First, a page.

46 Spring greens

I like good food but I don’t have a lot of time to prepare complicated meals except on weekends. So, to get the most out of my effort, I try to get a couple of meals out of a single session. That way I use my extra weekend time to make a nice meal but one which we can use the leftovers to turn around quickly for another meal during the week. For instance, I’ll cook extra chicken and use the leftover

chicken in a salad for a meal or in a wrap, or with veggies in fried rice or with pasta. This spicy spinach sauce is great with a few leftover meatballs or chicken chunks and it freezes well to be served another day, too.

Jude’s Kitchen JUDIE STEEVES

A steak works the same way: it’s great as

a second meal, sliced into a salad or a wrap, rice or pasta with veggies. When you make a stew, it’s like a whole new meal if you use

the leftovers as a pot pie later in the week, by just making some quick biscuits and putting them on top of the stew to cook. Sometimes the leftovers meals are better than the first one! Adding diversity to meals at this time of year can include all

sorts of local greens and even new sprouts as they make an appearance – such a pleasant change from the winter vegetables we’ve been focussed on. Keep an eye out for the first chives in the garden and cut some into scrambled eggs or muffins, and watch for the first asparagus, along with local spinach, Chinese greens, lettuces and then peas. Asparagus is another spring sprout and is a good source of

Vitamin A, B6, magnesium, zinc and folate, as well as being a good source of dietary fibre, and spinach is an even better source of Vitamin A, folate and iron, along with calcium, potassium, and trace minerals. Of course, cabbage and carrots are also full of vitamins, with the latter a virtual powerhouse of Vitamin A, but those are the vegetables we’ve been eating all winter. Vegetables are an essential part of our daily diet and should

form an increased portion of the diet of most people – for reasons we don’t even fully understand. Since they are much more seasonally available than meats, I am usually inspired in creating a meal by the vegetables that are available locally and are the freshest; then, the protein selection is made with those vegetables in mind. For instance, as soon as fresh asparagus is available, lamb will

make an appearance at our table, and so will salmon. And, it’s scrumptious in all sorts of stir-fries, with or without meat.


Green curry sauce spices up all kinds of dishes. JUDIE STEEVES PHOTO GREEN CURRY

This is a nutritional powerhouse that tastes spicy and delicious served over poached or sauteed chicken or prawns, meatballs, cubes of cooked tofu or Indian paneer. Serve with naan or pita breads, or pappadoms and a dip of yogurt and grated cucumber.

2 large garlic cloves 1 onion

1 tsp. (5 ml) coriander 1/2 tsp. (3 ml) salt

1/2 c. (125 ml) plain yogurt 1 medium jalapeno pepper

2 tbsp. (15 ml) fresh ginger 1 tsp. (5 ml) cumin

2 tsp. (10 ml) garam masala 10 oz. (284 g) spinach

1/4 c. (60 ml) tomato sauce fresh cilantro leaves, to garnish

• Mince ginger and chop onion. • Saute onion and ginger in a drizzle of oil over medium heat in a deep pan, stirring in the spices and cooking until the onion is soft and brown.

• Meanwhile, coarsely chop garlic, seed the jalapeno and chop it coarsely. • Put yogurt and tomato sauce into the bottom of a blender or food processor with fresh, or thawed (squeezed-out) frozen spinach, the coarsely-chopped garlic and seeded jalapeno and process until smooth.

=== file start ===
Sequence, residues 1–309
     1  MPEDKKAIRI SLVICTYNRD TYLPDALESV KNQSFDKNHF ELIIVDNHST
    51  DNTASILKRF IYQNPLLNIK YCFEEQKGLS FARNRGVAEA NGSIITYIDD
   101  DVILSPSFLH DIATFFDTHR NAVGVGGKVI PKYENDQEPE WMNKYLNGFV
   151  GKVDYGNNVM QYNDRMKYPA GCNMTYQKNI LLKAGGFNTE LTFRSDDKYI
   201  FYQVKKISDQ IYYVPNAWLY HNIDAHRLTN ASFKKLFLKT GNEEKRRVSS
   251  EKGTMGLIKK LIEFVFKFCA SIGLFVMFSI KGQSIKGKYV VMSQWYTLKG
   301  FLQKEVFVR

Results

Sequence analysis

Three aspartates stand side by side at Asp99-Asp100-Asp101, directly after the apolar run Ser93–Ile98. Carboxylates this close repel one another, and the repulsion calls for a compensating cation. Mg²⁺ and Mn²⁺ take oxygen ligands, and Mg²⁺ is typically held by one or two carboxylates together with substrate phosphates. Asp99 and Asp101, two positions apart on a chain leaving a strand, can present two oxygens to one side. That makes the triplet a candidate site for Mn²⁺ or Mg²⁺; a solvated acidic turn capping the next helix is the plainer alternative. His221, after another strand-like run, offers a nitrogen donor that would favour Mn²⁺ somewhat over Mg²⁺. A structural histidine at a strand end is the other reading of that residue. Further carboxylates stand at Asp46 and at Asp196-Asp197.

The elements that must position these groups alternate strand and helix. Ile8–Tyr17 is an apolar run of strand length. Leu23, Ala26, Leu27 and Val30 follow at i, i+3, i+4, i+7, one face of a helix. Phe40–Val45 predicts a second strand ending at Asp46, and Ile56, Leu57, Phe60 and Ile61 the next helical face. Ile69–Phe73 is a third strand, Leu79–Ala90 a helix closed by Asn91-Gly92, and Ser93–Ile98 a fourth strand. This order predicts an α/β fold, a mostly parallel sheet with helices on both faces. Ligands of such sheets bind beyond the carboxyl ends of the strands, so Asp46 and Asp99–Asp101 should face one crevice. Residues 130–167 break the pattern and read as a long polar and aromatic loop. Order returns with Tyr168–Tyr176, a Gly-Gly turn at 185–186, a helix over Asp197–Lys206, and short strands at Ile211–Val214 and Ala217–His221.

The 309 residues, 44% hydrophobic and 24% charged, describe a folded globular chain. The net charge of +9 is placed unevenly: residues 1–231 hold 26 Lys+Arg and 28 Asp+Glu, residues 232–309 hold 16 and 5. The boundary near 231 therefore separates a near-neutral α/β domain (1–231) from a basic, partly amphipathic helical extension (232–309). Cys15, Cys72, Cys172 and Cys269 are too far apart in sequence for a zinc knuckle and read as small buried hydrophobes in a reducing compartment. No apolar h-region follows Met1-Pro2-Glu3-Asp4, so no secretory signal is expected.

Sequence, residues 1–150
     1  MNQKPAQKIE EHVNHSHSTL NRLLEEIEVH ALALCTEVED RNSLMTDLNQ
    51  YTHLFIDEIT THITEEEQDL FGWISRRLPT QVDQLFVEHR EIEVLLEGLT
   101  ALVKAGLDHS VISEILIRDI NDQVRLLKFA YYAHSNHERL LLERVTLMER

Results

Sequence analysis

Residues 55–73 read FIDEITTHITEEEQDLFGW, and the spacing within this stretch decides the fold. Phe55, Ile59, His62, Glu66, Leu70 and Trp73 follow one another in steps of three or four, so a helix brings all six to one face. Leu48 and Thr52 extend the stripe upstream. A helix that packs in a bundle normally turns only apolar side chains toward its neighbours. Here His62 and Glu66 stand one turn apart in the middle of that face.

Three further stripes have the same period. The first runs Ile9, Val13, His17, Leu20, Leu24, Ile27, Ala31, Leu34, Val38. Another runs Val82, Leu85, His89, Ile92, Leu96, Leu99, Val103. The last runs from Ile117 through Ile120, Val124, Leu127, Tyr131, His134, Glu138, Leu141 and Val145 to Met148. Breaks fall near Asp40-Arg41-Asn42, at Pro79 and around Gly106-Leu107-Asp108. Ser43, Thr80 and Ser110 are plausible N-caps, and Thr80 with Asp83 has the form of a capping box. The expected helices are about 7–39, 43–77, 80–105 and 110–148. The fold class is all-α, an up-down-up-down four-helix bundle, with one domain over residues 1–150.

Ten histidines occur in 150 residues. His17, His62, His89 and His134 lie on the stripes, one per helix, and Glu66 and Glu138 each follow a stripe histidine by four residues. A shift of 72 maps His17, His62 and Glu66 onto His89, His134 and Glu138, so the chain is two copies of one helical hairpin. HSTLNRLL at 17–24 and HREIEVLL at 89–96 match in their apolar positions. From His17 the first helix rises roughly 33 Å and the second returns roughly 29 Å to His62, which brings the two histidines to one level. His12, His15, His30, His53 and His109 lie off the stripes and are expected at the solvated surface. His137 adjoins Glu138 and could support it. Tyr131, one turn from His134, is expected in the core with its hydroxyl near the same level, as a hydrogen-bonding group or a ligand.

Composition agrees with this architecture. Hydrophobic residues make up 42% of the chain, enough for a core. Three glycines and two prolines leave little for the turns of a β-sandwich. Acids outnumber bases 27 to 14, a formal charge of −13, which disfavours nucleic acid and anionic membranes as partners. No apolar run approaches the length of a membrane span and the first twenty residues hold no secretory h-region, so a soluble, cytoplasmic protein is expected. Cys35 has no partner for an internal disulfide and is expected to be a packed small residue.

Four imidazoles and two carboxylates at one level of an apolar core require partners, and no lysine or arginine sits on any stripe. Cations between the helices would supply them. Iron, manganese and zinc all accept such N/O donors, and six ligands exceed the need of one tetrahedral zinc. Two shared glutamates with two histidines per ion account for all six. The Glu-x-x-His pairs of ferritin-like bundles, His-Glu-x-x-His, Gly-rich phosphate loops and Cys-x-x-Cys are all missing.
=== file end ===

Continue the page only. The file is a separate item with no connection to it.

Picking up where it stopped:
• Pour into the pan with the onion mixture and cook until everything is heated through. • You could add cubes of cooked chicken, tofu or paneer to heat through in the sauce or cook them first and pour the green sauce over them.


Don’t miss a single issue of Country Life in BC! NEWS & INFORMATION YOU NEED!

Join thousands of BC farmers who turn to Country Life in BC every month to find out what (and who!) is making news in BC agriculture and how it may affect their farms and agri-businesses!

Name Address City

Postal Code Phone

Fresh chives should be up in your garden now, so go out and snip some off to pepper these yummy scones with a boost of spring flavour.

1 c. (250 ml) flour

1/2 c. (125 ml) chopped chives 2 tsp. (10 ml) baking powder 1/2 c. (125 ml) frozen butter 1/4 c. (60 ml) milk

1/2 c. (125 ml) whole wheat flour 1/4 c. (60 ml) parmesan cheese 1/4 tsp. (1 ml) salt 1 egg

• Pre-heat the oven to 350° F. • Whisk together the dry ingredients and add the fresh, chopped chives and grated parmesan cheese. • Grate frozen (or cold) butter into the dry ingredients and add milk and beaten egg, stirring the mixture until it begins to stick together.


CREDIT CARD # _________________________________________ EXP _______________ oNEW oRENEWAL | oONE YEAR ($18.90) oTWO YEARS ($33.60) oTHREE YEARS ($37.80)


Enderby, BC V0E 1V4



LIKE US on FACEBOOK @countrylifeinbc

• Turn out onto a floured board and pat or roll out about a half-inch thick. Cut into wedges or use a cookie cutter to make circular scones. • Bake for 15 minutes, or until lightly browned.

Page 1  |  Page 2  |  Page 3  |  Page 4  |  Page 5  |  Page 6  |  Page 7  |  Page 8  |  Page 9  |  Page 10  |  Page 11  |  Page 12  |  Page 13  |  Page 14  |  Page 15  |  Page 16  |  Page 17  |  Page 18  |  Page 19  |  Page 20  |  Page 21  |  Page 22  |  Page 23  |  Page 24  |  Page 25  |  Page 26  |  Page 27  |  Page 28  |  Page 29  |  Page 30  |  Page 31  |  Page 32  |  Page 33  |  Page 34  |  Page 35  |  Page 36  |  Page 37  |  Page 38  |  Page 39  |  Page 40  |  Page 41  |  Page 42  |  Page 43  |  Page 44  |  Page 45  |  Page 46  |  Page 47  |  Page 48